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What is a whole year? Every year, when we read the parsha of Chayei Sarah, I review the Rashi about the years of Sarah’s life.

The pshat is clear, she was pure and innocent and beautiful in her old age. She is not only the matriarch, but also the archetype, for all Jewish women. Not only that, but for the Ger, she is their mother, so there’s even more of a direct connection to her attributes.

However, there’s a Medrash about this that quotes a pasuk in Tehillim in connection to the discussion of Sarah’s years:

“‘Hashem knows the days of wholesome ones and their inheritance shall be forever.’ Just as they are whole, so too are their years whole.”

Medrash Rabbah 58,1

The Bobover Ruv comments on this, “what do we understand whole years to mean?” It’s an excellent question. What is a whole year as opposed to a partial year? Does that mean that ideally one’s birthday is also their yahrtzeit? It’s reasonable to think this as we consider the tzaddikim that share this quality. 

Yet, that’s not where the Ruv takes this. He brings up the idea of incomplete days or years, and that generally people don’t want days of stress, days of struggle, and days of paint to be counted in their years. We erase them, overlook them, and omit them from our narrative. 

This is a clear difference from us common folk and the tzaddikim. The tzaddikim have mastered emunah and recognize that only good comes from HaShem. For the tzaddikim, there is no such thing as a bad day, because as the Ruv points out, Nachum Ish Gam Zu always exclaimed “gam zu li’tova,” this too is for the good. If it’s all for the good, then there are truly no bad days, and we just lack the clarity and perspective to grasp this.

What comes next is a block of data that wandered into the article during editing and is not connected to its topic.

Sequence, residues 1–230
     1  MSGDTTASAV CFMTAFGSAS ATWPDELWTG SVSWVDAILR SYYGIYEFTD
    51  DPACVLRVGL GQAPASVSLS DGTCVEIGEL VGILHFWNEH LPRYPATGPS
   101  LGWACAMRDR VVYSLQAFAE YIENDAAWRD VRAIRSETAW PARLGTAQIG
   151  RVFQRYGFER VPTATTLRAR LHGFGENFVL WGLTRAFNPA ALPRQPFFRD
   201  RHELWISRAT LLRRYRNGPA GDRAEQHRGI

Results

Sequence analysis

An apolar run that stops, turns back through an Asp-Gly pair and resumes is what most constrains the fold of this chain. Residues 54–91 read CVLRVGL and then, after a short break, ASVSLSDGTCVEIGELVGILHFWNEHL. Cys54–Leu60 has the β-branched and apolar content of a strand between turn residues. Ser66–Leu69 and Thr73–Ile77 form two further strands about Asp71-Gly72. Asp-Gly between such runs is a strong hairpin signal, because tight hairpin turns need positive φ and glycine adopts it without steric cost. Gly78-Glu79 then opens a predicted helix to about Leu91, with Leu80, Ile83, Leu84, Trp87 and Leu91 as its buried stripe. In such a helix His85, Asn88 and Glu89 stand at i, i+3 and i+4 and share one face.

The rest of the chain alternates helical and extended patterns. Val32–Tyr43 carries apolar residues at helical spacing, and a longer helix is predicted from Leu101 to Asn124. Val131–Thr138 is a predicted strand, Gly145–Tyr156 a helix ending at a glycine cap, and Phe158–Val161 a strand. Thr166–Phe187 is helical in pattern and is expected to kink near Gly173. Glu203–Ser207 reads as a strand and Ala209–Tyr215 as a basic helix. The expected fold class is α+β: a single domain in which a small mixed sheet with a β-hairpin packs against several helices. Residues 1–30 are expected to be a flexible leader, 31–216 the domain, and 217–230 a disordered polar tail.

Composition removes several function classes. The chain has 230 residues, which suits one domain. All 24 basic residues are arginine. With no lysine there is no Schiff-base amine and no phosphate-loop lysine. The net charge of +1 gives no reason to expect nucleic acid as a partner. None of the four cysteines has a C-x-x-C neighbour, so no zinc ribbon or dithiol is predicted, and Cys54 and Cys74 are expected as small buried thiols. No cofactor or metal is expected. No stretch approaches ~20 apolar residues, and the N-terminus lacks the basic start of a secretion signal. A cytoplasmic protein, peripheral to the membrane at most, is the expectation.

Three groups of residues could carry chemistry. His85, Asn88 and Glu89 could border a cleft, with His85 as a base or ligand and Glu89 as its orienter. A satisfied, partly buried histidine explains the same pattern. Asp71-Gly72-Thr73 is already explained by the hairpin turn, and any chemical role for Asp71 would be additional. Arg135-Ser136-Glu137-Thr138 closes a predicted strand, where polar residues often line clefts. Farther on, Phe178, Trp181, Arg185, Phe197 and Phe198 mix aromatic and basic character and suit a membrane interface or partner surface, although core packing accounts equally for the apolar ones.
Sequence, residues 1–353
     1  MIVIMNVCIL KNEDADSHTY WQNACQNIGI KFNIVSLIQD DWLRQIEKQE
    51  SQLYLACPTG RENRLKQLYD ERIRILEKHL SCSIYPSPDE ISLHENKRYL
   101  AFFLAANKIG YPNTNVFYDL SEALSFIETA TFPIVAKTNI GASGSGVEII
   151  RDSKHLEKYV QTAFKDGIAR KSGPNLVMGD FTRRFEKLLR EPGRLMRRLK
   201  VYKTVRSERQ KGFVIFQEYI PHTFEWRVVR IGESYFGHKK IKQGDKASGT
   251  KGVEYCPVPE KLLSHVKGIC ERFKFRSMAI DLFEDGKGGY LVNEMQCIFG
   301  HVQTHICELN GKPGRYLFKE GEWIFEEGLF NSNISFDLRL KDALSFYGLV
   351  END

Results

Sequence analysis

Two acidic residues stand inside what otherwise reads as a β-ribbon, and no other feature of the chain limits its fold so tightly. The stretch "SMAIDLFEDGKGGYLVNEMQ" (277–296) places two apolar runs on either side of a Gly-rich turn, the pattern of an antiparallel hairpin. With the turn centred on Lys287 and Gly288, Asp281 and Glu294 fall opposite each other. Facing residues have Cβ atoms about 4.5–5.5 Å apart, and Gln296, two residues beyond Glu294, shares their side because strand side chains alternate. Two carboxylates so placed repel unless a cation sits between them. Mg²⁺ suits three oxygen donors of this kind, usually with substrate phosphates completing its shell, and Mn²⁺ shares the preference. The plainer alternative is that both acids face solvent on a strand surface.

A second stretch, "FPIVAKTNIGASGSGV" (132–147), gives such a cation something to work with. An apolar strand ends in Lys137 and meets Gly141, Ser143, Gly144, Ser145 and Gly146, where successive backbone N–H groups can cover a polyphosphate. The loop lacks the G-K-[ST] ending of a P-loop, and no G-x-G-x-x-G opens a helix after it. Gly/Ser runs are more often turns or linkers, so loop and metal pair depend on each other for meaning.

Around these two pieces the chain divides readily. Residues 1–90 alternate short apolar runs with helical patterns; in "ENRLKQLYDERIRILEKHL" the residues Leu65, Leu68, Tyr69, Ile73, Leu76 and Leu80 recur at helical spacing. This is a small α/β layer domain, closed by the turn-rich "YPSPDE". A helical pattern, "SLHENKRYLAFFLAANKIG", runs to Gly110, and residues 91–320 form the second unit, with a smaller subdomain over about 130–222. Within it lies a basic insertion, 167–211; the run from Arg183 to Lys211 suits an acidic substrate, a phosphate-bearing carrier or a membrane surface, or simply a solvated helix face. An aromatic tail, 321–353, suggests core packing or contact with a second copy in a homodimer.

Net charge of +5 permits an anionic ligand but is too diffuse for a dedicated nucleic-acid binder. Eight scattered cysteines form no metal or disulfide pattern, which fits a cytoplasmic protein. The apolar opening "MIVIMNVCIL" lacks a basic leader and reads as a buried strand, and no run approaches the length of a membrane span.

The Kedushas Zion brings an amazing lesson that connects to this. The laws of tzaraas required one to go to the Kohen if he suspected his home contracted this spiritual malady. One would think this to be a bad thing. The Kedushas Zion brings a Rashi on the pasuk about how it was actually good news. The Emorites hid their treasures in the walls of the their homes to hide them from the yidden before Klal Yisroel arrived. Thus, the tzaraas would be diagnosed and the owner would have to destroy the wall, discovering the treasures. HaShem used this as a lesson that no matter the trial, everything that comes from above is only for the good.

We see in creation that HaShem gives us every exact detail for a particular purpose. I’d like to posit that this is a great lesson we can learn from a geode. The outside may be dirty, aged, and unassuming, but the inside of it is truly a spectacle to behold. So too we must recognize our own perspectives on HaShem’s gifts to us. It may not look good, but that’s because we’re only looking at the surface, and not what’s beyond our awareness.

This is an amazing lesson in Emunah. Nothing bad comes from Above. All brachos, all tzuris, all are for the good. We just need the right perspective to see it. 

Sarah’s years were recorded as wholesome. She was holding. And just Sarah is a blueprint for the Jewish women, so too Avraham is a blueprint for the Jewish male, and his years were recorded in a similar fashion. Even though Yaakov would later describe his years as full of strife, we have an amazing heritage we can tap into – to recognize that every year is whole, even if we lack the insight at the moment. 

May we all be zoche to see our years are whole, and live with a perspective of Emunah, no matter what lies ahead of us.